Dipeptidyl Peptidase-4 Inhibitors and Risk of Heart Failure in Patients With Type 2 Diabetes Mellitus: A Population-Based Cohort Study.
YG Kim, D Yoon, S Park, SJ Han, DJ Kim, KW Lee, RW Park and HJ Kim,
Circulation. Heart failure, Sep 2017
The association between dipeptidyl-peptidase IV inhibitors (DPP-4i) and heart failure (HF) remains unclear. In 1 randomized controlled trial and some observational studies, DPP-4i reportedly increased the risk of HF, but 2 other randomized controlled trials and observational studies have shown no such risk. Here, we evaluated the risk of HF and cardiovascular outcomes of DPP-4i compared with sulfonylureas.A population-based retrospective cohort study was conducted using the Korean Health Insurance Review and Assessment Service database from January 1, 2009, to December 31, 2015. Incident users of sulfonylurea and DPP-4i who were not prescribed the comparator drug in the year before treatment initiation were included. DPP-4i-treated and sulfonylurea-treated patients were matched on propensity score, calculated with >40 variables. The risk of hospitalization for HF was evaluated with a Cox proportional hazards model in 255 691 matched pairs. Analyses were conducted in the total patient population and in both strata divided by the presence of cardiovascular disease during the baseline period. The hazard ratios (HRs) of hospitalization for HF for DPP-4i-treated patients were 0.78 (95% confidence interval [CI], 0.67-0.86) in all of the patients, 0.77 (95% CI, 0.68-0.79) in patients with baseline cardiovascular disease, and 0.71 (95% CI, 0.56-0.90) in patients without baseline cardiovascular disease compared with HRs for sulfonylurea-treated patients. Sitagliptin and linagliptin showed statistically lower risk for hospitalization for HF (HR, 0.76; 95% CI, 0.67-0.86 for sitagliptin-prescribed patients; HR, 0.74; 95% CI, 0.59-0.92 for linagliptin-prescribed patients) than for sulfonylurea. The HRs for hospitalization for myocardial infarction and stroke with the use of a DPP-4i versus sulfonylurea were HR, 0.76 (95% CI, 0.67-0.87) and HR, 0.63 (95% CI, 0.60-0.67), respectively.Our findings suggest that DPP-4i use did not increase the risk of HF compared with sulfonylurea. In addition, the risks for cardiovascular outcomes were not elevated in DPP-4i-treated patients compared with sulfonylurea-treated patients.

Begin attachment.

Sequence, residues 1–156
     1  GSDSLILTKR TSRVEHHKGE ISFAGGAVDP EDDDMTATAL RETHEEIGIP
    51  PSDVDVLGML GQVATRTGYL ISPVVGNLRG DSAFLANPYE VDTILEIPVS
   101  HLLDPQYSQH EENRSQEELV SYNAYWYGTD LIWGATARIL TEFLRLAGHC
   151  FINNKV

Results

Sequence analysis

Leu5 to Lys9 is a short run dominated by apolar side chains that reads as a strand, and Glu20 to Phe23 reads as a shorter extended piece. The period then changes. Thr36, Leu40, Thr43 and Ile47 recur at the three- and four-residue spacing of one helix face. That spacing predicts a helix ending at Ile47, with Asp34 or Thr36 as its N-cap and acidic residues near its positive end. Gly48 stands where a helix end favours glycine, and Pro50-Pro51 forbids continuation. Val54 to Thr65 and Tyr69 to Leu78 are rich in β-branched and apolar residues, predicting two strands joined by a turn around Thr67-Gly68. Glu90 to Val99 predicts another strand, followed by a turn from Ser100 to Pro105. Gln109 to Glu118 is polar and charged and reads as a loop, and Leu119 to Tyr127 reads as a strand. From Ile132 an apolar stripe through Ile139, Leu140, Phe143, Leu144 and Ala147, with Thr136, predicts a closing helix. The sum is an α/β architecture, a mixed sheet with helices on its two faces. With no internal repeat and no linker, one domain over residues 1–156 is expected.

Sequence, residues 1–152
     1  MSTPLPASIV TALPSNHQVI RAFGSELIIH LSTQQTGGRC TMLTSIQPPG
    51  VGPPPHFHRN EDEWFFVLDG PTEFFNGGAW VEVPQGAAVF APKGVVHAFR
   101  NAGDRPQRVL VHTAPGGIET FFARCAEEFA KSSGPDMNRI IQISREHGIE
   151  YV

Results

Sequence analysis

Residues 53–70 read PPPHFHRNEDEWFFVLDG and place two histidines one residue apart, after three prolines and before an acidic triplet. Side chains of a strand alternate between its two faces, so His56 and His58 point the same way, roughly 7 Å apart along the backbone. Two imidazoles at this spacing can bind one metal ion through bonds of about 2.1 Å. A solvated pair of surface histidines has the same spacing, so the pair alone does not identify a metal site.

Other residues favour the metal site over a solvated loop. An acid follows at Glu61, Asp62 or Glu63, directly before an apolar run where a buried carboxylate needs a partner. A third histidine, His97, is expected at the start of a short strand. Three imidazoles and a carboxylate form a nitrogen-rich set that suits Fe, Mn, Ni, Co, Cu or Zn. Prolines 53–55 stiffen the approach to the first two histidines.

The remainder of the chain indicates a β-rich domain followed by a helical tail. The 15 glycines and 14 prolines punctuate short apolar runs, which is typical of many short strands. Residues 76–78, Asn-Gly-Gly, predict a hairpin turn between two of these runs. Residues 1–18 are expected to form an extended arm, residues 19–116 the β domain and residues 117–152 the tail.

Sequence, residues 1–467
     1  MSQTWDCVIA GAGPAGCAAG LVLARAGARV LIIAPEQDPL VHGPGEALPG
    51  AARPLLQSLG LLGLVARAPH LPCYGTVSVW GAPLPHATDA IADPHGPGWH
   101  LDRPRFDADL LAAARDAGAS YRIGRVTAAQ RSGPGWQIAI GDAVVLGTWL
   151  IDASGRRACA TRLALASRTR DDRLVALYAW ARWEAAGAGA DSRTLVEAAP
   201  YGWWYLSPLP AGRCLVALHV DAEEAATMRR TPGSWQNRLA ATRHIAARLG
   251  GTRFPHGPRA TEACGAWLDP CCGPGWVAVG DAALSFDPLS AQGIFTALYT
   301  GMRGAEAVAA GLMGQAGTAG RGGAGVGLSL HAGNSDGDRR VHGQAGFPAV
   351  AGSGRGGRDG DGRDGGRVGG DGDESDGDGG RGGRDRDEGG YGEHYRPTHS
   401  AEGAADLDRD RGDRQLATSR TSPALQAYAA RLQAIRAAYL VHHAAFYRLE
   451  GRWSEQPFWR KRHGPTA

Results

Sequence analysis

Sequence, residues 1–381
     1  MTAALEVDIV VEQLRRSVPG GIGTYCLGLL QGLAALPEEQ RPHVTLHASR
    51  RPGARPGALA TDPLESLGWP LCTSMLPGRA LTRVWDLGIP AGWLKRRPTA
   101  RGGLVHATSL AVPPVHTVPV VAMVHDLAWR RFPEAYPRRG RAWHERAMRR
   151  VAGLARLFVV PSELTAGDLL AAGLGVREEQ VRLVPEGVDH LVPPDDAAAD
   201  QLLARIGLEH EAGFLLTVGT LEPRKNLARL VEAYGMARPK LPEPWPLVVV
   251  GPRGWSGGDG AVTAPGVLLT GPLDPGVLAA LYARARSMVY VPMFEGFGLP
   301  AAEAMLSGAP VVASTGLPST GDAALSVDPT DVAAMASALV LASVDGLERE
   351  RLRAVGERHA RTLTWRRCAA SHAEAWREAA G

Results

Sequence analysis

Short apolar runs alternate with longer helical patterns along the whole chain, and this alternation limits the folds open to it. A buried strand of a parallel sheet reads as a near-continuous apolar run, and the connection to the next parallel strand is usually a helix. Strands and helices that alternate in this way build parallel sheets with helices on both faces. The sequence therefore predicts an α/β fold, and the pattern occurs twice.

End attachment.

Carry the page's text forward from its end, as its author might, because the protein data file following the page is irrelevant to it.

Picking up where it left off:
A conceptual framework for evaluating data suitability for observational studies